The Ozone Hole Opens Up Again. It’s Still Not The Same as Climate Change
Ozone levels over the Arctic as detected by satellite on March 16. Credit: NOAA
The sun is rising over the Arctic after months of darkness, and when that happens, ozone watchers get wary. That's because a combination of stratospheric ice crystals, chlorine and sunlight can trigger a chemical reaction that destroys ozone molecules — and while ozone is a pollutant at ground level, its presence in the stratosphere protects us from potentially harmful ultraviolet rays from the Sun.
This effect was identified back in the 1970s, at about the same time as climate scientists were beginning to worry seriously about greenhouse gases and climate change — which may be one reason why people still confuse the two. But climate change comes mostly from chemicals that already occur naturally, such as carbon dioxide (CO2) and methane, whose warming effect is actually essential to life on Earth; the problem is that humans have been pushing these gases beyond their natural levels. Nevertheless, considerable confusion between climate change and ozone depletion persists. For example, a 2010 poll by Yale University found that a full 21 percent of a sample of American adults thought the greenhouse effect refers to the ozone layer, rather than to gases in the atmosphere that trap heat, such as CO2.
Ozone depletion, by contrast, comes from a different set of chemicals called chlorofluorocarbons, or CFCs, which are purely artificial substances, used in spray cans, refrigerators and air conditioners. In the mid-1970s, researchers Sherwood Rowland and Mario Molina noted that CFCs could in theory waft up to the stratosphere, where the chlorine they contain could destroy ozone (Rowland, Molina and Paul Crutzen, who also worked on ozone depletion, won the 1995 Nobel prize for their prediction). In the mid-1980s, scientists with the British Antarctic Survey detected just that sort of destruction in the frigid skies over Antarctica. That in turn led to the 1987 Montral Protocol, which banned CFCs and other ozone-depleting chemicals.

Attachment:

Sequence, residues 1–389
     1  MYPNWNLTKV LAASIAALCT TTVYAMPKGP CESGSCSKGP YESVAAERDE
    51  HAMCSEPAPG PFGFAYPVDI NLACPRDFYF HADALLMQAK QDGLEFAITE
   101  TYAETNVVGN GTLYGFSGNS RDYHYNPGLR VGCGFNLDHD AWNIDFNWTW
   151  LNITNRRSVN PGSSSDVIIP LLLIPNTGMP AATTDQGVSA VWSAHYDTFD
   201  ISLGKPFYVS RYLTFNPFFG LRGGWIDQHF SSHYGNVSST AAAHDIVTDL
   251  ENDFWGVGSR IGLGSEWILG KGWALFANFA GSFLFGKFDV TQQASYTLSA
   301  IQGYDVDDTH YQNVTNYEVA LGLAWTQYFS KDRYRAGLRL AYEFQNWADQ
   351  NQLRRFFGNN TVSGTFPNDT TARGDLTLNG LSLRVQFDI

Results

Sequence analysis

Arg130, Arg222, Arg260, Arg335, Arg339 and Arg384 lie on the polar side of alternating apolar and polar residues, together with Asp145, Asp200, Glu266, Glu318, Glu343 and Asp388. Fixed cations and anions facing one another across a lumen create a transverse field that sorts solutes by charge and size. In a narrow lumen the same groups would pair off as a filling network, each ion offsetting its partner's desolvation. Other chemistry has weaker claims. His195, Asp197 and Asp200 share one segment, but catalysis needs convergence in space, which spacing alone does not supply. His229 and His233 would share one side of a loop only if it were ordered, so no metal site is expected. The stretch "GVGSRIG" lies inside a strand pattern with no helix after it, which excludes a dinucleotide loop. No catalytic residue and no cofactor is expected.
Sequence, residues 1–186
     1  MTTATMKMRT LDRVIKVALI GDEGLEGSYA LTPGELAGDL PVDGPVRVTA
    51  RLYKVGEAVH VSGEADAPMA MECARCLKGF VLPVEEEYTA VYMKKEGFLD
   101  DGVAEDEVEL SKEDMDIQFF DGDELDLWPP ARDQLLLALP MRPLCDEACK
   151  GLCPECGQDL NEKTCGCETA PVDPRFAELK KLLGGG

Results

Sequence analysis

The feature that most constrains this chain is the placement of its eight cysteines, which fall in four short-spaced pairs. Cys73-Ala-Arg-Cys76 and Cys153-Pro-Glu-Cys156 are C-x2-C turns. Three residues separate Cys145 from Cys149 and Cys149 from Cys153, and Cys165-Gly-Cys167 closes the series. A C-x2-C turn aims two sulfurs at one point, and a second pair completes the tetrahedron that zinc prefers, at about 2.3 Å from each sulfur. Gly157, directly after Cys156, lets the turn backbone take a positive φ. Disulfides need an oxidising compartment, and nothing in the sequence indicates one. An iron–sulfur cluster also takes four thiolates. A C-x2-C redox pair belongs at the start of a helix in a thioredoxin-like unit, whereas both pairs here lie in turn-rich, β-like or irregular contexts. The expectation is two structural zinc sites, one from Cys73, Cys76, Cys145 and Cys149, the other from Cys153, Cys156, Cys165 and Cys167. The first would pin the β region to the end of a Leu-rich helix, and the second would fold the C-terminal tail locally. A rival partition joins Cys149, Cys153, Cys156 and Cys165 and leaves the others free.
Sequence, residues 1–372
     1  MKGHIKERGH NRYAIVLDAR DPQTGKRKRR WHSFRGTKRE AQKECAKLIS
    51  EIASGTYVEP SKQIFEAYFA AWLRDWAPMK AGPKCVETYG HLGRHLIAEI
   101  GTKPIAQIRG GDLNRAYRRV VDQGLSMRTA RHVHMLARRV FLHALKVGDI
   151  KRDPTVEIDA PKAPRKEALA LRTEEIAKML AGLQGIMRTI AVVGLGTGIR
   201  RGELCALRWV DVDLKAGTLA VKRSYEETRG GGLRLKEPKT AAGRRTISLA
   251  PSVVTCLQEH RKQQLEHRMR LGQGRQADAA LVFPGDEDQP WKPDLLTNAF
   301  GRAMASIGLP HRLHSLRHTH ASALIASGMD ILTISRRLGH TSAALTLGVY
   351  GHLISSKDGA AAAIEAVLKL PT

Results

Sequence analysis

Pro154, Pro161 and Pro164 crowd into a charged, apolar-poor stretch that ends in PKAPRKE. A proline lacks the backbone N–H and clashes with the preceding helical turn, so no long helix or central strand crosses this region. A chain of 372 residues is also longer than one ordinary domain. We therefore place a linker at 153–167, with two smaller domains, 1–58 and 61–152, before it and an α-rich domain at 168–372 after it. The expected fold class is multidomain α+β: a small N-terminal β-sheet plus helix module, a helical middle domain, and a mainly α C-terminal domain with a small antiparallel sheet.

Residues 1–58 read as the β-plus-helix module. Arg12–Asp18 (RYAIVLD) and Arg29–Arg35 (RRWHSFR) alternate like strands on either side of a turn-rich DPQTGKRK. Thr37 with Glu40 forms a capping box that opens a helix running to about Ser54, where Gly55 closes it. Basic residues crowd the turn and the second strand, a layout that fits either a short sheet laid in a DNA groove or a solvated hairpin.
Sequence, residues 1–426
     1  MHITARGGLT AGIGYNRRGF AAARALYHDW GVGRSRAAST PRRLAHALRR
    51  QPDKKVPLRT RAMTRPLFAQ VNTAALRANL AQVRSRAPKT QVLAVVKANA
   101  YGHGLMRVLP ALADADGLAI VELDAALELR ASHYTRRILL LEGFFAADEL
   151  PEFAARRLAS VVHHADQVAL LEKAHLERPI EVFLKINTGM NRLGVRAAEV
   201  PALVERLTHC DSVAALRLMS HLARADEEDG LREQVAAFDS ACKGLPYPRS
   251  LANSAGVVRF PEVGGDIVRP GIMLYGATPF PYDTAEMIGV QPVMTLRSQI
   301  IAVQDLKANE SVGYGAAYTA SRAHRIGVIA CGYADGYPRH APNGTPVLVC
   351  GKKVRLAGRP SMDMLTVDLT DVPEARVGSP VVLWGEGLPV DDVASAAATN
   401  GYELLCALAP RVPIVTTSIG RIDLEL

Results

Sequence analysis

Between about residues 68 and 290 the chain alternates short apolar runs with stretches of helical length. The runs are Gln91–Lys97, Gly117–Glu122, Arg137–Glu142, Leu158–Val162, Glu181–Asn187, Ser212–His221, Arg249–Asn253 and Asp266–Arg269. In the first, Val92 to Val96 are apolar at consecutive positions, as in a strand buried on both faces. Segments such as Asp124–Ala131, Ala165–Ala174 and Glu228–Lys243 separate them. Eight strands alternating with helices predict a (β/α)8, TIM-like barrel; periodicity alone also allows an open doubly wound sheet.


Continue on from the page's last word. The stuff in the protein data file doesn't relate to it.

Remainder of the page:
But it takes a while (and that's an understatement) for the chemicals that have already been released to break down. So while most CFCs have been off the market for more than 20 years, a new hole opens in Antarctica every spring (in the Southern Hemisphere, that means September). It happens in the Arctic as well, but since the temperatures aren't reliably as cold around the North Pole, and the air currents aren't always right, significant ozone holes up there don't happen every year. "It's more like every six or seven years," says National Oceanic and Atmospheric Administration (NOAA) chemist Bryan Johnson. Johnson is in charge of NOAA's Ozonesonde Group, which sends balloons up into the stratosphere to sample what's going on in the atmosphere, and this, he says, may be one of those years.
In fact, he says, "it's happening now." Ozonesondes and satellites are already recording a drop in ozone around the edges of the Arctic, where the sun peeks above the horizon earliest. If temperatures in the upper atmosphere stay low and the winds keep blowing in the right way, it could easily keep going. "The potential is there," says Johnson. "If conditions persist into the end of April, we could see a hole comparable to what happens in Antarctica."
Whether or not that will happen, however, is anybody's guess. "If you look out more than seven days in advance," says Johnson, "it's like the weather — it's really hard to predict."
What Johnson does predict is that ozone holes should gradually vanish as the remaining CFCs and other ozone-eating chemicals break down. "I'm still confident about recovery," he says. "We won't see this effect 50 years from now. Until then, it'll go up and down from year to year, depending on conditions, but chlorine levels are going down."